Philippines | Labour Pains

While overseas Filipino workers help the economy stay afloat, their families back home pay a high price

01 November 2011
Lyni, 28, lives in Malate and is the daughter of an OFW who works in Singapore. Although her mother’s remittances put Lyni through college, she feels frustration towards OFWs.
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Lyni, 28, lives in Malate and is the daughter of an OFW who works in Singapore. Although her mother’s remittances put Lyni through college, she feels frustration towards OFWs.
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SITTING OUTSIDE the small pharmacy she and her husband own in Palawan—the Philippines’ western-most province, a far-flung island known as the last frontier—Diana recounts how she let her application for American citizenship lapse.

“We never responded to the [US] embassy,” she says. “So then they sent us a letter: ‘It seems you are not interested in pursuing your application, so we are canceling [it].’”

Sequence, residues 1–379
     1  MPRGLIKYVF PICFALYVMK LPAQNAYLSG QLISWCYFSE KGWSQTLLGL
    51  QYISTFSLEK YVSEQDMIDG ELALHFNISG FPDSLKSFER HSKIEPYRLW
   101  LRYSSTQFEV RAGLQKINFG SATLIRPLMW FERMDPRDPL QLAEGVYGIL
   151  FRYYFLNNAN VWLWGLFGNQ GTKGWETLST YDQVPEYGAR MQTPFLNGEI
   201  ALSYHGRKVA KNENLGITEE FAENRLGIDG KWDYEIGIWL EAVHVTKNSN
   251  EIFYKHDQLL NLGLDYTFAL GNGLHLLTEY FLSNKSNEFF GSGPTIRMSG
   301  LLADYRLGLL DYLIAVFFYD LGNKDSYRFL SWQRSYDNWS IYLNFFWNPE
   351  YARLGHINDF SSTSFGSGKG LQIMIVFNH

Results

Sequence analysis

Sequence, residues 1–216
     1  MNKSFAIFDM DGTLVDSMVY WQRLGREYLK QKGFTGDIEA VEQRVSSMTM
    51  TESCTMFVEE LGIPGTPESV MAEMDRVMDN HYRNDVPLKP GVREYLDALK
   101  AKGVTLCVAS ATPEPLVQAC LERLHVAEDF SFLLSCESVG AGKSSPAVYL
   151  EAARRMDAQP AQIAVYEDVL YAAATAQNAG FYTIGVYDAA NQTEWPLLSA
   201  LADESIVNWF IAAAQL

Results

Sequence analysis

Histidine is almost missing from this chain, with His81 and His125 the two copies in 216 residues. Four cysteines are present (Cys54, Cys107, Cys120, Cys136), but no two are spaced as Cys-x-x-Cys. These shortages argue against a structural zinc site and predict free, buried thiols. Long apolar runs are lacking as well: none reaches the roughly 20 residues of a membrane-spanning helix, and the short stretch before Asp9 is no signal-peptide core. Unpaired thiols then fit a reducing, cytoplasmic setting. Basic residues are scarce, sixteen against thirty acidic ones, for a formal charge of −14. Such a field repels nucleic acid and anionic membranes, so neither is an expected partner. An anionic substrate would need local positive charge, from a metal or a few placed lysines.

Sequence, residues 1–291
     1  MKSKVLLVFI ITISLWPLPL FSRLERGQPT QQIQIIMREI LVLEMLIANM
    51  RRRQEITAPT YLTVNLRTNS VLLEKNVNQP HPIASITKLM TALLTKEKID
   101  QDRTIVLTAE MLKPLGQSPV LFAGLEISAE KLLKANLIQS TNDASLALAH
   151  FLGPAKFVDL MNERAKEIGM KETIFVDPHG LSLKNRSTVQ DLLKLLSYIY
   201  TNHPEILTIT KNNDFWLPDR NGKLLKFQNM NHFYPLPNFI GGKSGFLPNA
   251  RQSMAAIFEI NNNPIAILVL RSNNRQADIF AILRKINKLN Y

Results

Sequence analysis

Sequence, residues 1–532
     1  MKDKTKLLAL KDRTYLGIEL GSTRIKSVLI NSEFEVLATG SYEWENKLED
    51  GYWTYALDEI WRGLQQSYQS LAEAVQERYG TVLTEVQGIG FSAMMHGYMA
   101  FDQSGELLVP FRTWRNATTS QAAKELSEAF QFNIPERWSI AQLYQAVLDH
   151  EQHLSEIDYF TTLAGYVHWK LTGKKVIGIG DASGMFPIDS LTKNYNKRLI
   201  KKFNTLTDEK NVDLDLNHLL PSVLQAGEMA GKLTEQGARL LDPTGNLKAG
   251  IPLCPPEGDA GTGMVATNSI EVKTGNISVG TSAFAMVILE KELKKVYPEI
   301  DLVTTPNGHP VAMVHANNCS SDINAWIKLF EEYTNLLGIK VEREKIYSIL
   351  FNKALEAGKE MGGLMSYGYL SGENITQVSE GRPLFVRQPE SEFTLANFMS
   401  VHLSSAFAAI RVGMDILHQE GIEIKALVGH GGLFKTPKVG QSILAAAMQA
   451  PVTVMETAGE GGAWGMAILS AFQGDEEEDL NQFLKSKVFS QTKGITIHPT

Diana, 31, shrugs and takes another bite of fried banana, a popular Filipino street food. A motorised tricycle coughs by, its driver looking for a customer. A few stray dogs, whip-skinny, drift past. I watch them make their way down the road, which is dotted with palm trees, nipa huts and the occasional cement building. It’s typhoon season and heavy grey clouds arrange themselves on the horizon.

Mya Guarnieri is a Jerusalem-based journalist and writer whose work has appeared in dozens of international outlets.

Keywords: manila economy labour family children Philippines Letters From NGO employment US embassy Jose Rizal migration jobs OFW overseas Filipino workers
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